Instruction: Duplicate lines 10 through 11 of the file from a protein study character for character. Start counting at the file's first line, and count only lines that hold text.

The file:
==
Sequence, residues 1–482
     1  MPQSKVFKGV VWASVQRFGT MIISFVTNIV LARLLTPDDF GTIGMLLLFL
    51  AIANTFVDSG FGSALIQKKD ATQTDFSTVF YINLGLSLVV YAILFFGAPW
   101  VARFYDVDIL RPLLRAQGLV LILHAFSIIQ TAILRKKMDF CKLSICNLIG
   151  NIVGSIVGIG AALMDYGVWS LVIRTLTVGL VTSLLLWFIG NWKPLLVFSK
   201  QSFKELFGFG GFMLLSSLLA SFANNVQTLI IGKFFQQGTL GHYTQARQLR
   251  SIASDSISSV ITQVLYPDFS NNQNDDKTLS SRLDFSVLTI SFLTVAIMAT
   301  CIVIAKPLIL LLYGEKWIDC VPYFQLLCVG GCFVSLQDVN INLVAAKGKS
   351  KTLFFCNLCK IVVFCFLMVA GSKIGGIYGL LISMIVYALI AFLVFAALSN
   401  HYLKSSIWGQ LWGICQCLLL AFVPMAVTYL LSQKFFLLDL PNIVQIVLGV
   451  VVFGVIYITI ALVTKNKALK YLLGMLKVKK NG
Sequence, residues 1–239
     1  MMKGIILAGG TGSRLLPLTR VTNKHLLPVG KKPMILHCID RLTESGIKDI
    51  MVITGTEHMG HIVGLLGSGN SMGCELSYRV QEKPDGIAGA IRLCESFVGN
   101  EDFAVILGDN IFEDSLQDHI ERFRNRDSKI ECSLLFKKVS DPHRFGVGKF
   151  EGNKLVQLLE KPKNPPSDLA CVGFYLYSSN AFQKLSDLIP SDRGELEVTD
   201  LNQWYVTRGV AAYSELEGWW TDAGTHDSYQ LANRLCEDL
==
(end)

   401  HYLKSSIWGQ LWGICQCLLL AFVPMAVTYL LSQKFFLLDL PNIVQIVLGV
   451  VVFGVIYITI ALVTKNKALK YLLGMLKVKK NG